/‘It’ll be higher than Obama’ Mike Espy will benefit from record Black voter turnout in Mississippi

‘It’ll be higher than Obama’ Mike Espy will benefit from record Black voter turnout in Mississippi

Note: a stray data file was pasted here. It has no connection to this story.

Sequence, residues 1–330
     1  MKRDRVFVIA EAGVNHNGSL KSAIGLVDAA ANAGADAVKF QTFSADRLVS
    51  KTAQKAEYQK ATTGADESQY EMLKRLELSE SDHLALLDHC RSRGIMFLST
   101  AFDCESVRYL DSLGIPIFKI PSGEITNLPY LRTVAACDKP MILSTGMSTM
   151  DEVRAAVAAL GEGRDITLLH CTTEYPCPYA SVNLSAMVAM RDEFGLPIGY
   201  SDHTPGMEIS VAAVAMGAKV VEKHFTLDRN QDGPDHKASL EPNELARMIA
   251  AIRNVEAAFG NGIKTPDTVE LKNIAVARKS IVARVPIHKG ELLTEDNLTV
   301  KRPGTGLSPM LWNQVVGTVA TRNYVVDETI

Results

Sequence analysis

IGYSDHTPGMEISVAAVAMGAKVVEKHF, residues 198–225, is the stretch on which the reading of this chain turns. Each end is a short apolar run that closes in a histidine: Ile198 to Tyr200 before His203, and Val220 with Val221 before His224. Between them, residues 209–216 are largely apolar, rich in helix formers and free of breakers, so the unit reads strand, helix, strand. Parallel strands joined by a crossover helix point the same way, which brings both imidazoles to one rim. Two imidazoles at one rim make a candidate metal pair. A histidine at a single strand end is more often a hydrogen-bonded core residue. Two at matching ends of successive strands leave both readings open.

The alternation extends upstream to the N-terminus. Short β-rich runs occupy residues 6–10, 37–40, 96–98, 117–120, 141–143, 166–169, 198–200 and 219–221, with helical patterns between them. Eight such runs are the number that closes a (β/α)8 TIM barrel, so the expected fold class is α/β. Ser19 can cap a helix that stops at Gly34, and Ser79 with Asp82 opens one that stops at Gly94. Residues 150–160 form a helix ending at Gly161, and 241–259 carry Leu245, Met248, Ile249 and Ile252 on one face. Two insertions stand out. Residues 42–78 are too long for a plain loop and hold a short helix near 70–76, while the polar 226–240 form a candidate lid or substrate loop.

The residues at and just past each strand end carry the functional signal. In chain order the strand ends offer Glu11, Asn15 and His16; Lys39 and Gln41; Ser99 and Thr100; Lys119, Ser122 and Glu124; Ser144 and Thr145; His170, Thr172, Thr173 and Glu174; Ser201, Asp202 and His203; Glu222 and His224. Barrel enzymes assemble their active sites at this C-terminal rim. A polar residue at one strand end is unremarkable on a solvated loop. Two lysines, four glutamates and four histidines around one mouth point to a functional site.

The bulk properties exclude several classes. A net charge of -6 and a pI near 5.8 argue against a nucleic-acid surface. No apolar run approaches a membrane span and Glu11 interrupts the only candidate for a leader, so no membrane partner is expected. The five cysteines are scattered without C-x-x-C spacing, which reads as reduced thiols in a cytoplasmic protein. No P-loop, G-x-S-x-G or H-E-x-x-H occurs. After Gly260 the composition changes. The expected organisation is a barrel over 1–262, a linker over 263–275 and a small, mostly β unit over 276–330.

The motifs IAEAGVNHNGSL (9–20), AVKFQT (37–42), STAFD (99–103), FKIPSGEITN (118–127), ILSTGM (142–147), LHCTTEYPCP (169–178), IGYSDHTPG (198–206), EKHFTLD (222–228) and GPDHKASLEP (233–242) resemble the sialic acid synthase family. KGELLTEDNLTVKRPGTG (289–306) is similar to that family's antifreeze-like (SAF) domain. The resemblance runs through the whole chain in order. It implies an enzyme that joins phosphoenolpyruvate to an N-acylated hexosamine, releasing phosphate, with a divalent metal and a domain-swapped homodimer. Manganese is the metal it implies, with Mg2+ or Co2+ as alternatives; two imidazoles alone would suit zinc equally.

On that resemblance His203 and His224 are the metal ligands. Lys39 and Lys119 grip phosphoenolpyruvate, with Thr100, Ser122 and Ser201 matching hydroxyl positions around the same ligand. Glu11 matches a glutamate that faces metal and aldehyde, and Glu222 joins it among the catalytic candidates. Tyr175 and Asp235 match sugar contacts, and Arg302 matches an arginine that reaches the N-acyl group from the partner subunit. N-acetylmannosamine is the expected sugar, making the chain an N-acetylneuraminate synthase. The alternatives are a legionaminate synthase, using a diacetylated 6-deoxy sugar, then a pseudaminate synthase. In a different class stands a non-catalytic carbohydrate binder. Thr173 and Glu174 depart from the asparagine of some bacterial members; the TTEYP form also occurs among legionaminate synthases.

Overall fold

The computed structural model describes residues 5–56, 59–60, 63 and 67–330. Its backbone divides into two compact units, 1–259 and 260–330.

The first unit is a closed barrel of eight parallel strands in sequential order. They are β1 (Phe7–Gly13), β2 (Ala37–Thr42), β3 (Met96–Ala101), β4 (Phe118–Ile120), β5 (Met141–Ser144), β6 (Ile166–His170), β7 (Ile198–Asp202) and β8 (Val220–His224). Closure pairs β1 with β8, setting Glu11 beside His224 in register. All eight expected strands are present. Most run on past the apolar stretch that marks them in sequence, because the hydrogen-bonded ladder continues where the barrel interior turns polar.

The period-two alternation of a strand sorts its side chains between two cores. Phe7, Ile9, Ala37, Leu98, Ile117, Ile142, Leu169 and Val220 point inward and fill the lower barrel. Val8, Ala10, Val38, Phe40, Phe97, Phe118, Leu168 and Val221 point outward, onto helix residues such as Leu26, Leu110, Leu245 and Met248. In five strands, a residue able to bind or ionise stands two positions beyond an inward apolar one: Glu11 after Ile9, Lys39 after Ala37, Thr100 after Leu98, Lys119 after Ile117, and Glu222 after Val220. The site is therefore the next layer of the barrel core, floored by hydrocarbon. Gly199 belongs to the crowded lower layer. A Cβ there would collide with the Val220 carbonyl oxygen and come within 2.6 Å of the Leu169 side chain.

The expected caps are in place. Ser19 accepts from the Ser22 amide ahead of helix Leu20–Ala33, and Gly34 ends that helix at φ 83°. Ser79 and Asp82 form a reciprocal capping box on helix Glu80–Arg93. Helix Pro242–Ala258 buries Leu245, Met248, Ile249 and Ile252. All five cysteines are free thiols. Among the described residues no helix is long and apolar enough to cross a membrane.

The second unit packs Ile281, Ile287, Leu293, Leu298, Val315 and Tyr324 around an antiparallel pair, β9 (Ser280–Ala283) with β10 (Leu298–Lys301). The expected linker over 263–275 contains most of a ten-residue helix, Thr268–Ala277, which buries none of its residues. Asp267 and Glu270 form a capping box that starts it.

According to several top Democratic insiders in the state, he will receive it. Charles Taylor, a political consultant and data analyst, said that he has looked at the data and believes that Black turnout in Mississippi this year will be higher than when President Obama was on the ballot. “Black voters have struggled for a long time in this country and this state. Taylor said that we will take every opportunity and chance to grow our collective power. Trump is one of the most divisive and worst presidents to people of color in recent history. You have a chance to get him out the White House. Espy is at the top of Mississippi’s ticket. There is an organic excitement I haven’t seen in Mississippi for a long while.” Black Mississippians account for 37% of the state’s voting-age population. They are Espy’s most important voting bloc this year, as he seeks the first Black senator elected to office by the popular vote. In the state’s history, no African American has won a statewide race. Espy, who was the first African American to be elected to Congress after Reconstruction, maintains that he will win as long as Black voters are at least 35.5%. The state’s 2012 election saw 36% of Black voters. This was the highest percentage in modern history. This was the year that President Barack Obama ran for re-election. According to political insiders, the 2020 record voter turnout would surpass this mark and exceed Espy’s target. Obama’s former vice-president Joe Biden, who is popular among Black Mississippians, is running for president against Trump. He’s also running with Sen. Kamala Harris as running mate, and would become the first Black vice president of the United States. Although not every Black Mississippian will vote next week, Espy’s name will be in the list. Espy won 95% of the African American vote in the 2018 U.S. Senate runoff. This was 32.5% of total electorate. Depending on which candidate, top-of-ticket Democratic candidates have received between 88% and 95% of the Black vote in Mississippi’s recent elections. According to Chism Strategies (a Mississippi-based political consultancy firm), Black Mississippi voters have accounted for 30% to 36% in the overall turnout since 2008. This is based on exit polls as well as commercial voter files. In 2014, the low mark was 30 percent and 2012 saw a high of 36%. The exact level of voter turnout in the COVID-19 pandemic is unknown. However, Mississippi continues to increase its record pace with absentee votes, which are often an indicator of in person turnout. On Tuesday, there were more than 190,000. This is compared to just 111,000 absentee ballots requested during the 2016 election. While racial inequalities have decreased as coronavirus cases have increased in rural areas, whites have been more affected than blacks. Many advocates expressed concern that voters who are not wearing masks might discourage Black voters from exercising their right of vote. Many have suggested that Mississippi’s Republican leaders chose not to expand early voting options in the wake of the pandemic. They also let a statewide mandate for masks expire despite COVID-19 cases rising. Not requiring masks at polling stations are examples voter suppression. It is voter suppression but it is also dumb,” stated Congressman Bennie Thompson of Mississippi, the only African American elected official in Washington, who predicted a “tremendous” Black voter participation this year. “… Would you put your life at risk to vote if you were confident that all safety precautions were being taken? READ MORE: “Practices intended to suppress the vote”: Mississippi is not allowed to provide early voting for everyone during a pandemic. Some politicos fear that any attempt by Republicans to suppress the vote, by not expanding safe voting options during pandemic, could backfire. In a September interview with Mississippi Today Pam Shaw, a long-time political strategist from Mississippi, suggested that the pandemic could affect Black voter turnout, especially among older voters. However, she recently saw trends that have changed her mind. Shaw stated, “I have been pleasantly shocked over the past 30 days at how much energy I’m seeing and hearing from the Black community.” “… I believe you will have almost the same turnout in the Black community as Obama. Although it may not be quite as close, it is close. It’s a combination Kamala Harris, the pandemic, and just the energy. Shaw stated that she is seeing and hearing about older Black voters vote absentee. She also said, “I believe people are trying to work around the virus.” Recent COVID-19 cases have been driven by white Mississippians. In the past two months, white cases outnumbered black Mississippians by more than twice. However, Mississippi’s virus has been particularly devastating to Black women. They account for almost 30% of all cases in Mississippi where race is known but only 20% of the total population. Advocates are not surprised by the irony that these women have been driving the Democratic vote and voting rights campaigns for decades. Shaw stated that “People who were considered essential workers, who lived in multi-generational families… who have been affected by the virus, or know people who have, they lay it on Trump, lay him at his feet.” Shaw said that while there are strong anti-Trump sentiments among Black voters and excitement about Espy, they also see political strategy as a reason for record turnout. This year, Espy has raised over $9 million. It is the largest amount of money raised by a Democrat in state history. He has also strategically targeted Black voters through television, radio, digital advertising and in person outreach in recent weeks. Since September, a robust Democratic field strategy has placed paid canvassers across 52 counties. Many of these have been exclusively focused on Black voters. Taylor stated that Espy made a specific investment to reach Black voters and that he expects to get a return. He put his money where it was needed. This is the first time that we have seen someone trying to turn out Black voters for a presidential election cycle. Taylor said, “Win, lose, or draw, regardless of whether there’s immediate satisfaction at the numbers on Tuesday, Espy’s campaigns in 2018 or 2020 will leave an legacy and real infrastructure for Mississippi politics. His candidacy helped modernize the Democratic Party of Mississippi.” To continue this important work, support this work and make a regular donation today to celebrate our Spring Member Drive. 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